An Empty Philosophy

05/05/2017
Alex McFarland
Radio Host

Years ago, the Inuit people who lived north of the Arctic Circle practiced a form of euthanasia. Once people reached a certain age they would be put adrift on an ice floe to eventually starve. People learning of this today are horrified, protesting that humans should not be “killed off” merely because they are elderly and have needs. So who is right, the Inuit or everyone else?

Actually, both the Inuit and contemporary people who disagree with them are operating from the same moral principle: preserve human life. The difference is on the specific course of action. The Inuit believed resources were scarce and, in order to preserve human life, they had to reserve those resources for the young and those who could still contribute to the tribe. Because there were not enough resources for everyone, they reasoned that if someone had to starve it would be most beneficial for the whole tribe that those who had lived a full life and could no longer contribute would make the sacrifice. People today may protest, but the actions of the Inuit were very much in keeping with the assumptions of a Darwinistic worldview.

Shortly after the famous Scopes trial in Dayton, Tennessee, (which brought the conflict between creation and evolution to a national focus), the president of the American Association for the Advancement of Atheism at the time wrote, “Evolution is atheism.” In his book River out of Eden: A Darwinian View of Life, Richard Dawkins summarized the evolutionist’s bleak assessment about the forces at work in this world writing, “At bottom, no design, no purpose, no evil and no good . . . nothing but blind, pitiless indifference.”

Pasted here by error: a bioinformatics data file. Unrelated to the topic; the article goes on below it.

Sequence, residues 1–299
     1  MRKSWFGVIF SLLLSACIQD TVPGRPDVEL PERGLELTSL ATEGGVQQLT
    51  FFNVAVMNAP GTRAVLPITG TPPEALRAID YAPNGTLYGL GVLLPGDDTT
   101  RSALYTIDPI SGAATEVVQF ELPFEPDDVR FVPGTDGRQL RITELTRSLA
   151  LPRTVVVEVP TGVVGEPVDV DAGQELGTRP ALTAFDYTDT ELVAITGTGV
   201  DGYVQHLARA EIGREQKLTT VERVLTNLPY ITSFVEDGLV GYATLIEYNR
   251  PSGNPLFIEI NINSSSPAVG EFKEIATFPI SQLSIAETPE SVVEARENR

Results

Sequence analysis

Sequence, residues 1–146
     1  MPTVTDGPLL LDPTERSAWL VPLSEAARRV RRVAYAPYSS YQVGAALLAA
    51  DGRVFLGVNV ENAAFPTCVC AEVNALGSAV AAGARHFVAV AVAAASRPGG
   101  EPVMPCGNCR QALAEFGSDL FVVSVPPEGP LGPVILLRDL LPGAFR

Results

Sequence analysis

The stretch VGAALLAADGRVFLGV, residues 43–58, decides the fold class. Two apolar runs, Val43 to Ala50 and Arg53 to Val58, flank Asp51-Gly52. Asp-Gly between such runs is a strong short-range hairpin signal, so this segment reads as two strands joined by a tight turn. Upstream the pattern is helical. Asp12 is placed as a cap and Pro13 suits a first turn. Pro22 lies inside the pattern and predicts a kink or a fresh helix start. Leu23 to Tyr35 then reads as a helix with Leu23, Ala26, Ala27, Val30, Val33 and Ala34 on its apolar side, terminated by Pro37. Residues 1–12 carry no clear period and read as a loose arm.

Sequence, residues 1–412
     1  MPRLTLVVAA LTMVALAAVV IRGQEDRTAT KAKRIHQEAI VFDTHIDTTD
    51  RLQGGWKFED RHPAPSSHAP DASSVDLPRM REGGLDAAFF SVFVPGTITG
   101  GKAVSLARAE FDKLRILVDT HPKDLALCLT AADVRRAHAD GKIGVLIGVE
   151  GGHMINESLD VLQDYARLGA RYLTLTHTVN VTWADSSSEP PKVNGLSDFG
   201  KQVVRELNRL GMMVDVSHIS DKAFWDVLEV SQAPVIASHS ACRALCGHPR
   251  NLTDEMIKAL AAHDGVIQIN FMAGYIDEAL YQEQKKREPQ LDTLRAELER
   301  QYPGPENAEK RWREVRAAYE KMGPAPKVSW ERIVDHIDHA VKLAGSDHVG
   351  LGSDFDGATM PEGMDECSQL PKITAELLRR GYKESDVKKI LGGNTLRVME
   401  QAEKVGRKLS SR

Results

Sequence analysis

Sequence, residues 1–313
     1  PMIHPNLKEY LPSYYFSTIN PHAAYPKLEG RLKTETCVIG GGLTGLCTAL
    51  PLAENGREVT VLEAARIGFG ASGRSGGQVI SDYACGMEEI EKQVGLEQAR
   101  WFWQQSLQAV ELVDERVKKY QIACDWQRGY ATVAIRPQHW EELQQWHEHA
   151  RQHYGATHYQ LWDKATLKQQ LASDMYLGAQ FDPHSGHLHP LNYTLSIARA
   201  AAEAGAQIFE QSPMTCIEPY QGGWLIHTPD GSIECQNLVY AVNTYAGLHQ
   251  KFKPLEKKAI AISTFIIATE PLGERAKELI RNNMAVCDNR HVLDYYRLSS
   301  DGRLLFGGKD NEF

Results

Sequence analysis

Statements like this illustrate the impassable gulf separating belief systems that acknowledge a Creator and ones that do not. Each position includes core assumptions that conflict with the other side. If the core beliefs of each side are upheld consistently, the believer in evolution and the believer in creation will inevitably reach an impasse.

In the nearly 160 years since the publication of Origin of the Species, Darwinism’s confident rejection of belief in a creation moment in the past and a future day of judgment has yielded decidedly negative results. The redefinition of marriage and the family; the moral revolution of the 1960s; the cultural acceptance of premarital, and extramarital, sex; and abortion on demand have all been “legitimized” by Darwinism’s assumed truthfulness.

Space does not permit an exhaustive critique of horrid ideas such as eugenics and forced sterilization of minorities (espoused by Planned Parenthood founder Margaret Sanger, who was deeply influenced by Darwinism). Also influenced by the presuppositions of evolution was Adolf Hitler, whose “final solution” regarding the Jewish people was, in his mind, the mere application of “survival of the fittest.” In a comparatively brief century-and-a-half, evolution has cut swaths across history that is indelibly dark and undeniably tragic.

In contrasting assumptions and outcomes of worldviews, the most common distinction made is whether or not a Creator was originally present. Did God make us, or did we spontaneously evolve? But equally relevant to the discussion is the question of human destiny. Will mankind ever face a final judgment? Evolution assumes that God is not part of our past and, therefore, God plays no role in our future.

Can atheists and evolutionists act morally? Of course. But do those who reject God have any objective reason for doing so? No. Are there any clear guidelines on right living; is there any objective basis for values or ethics? No. Evolution gives no real answers of the origin of life, even less so on how to live.

 

 

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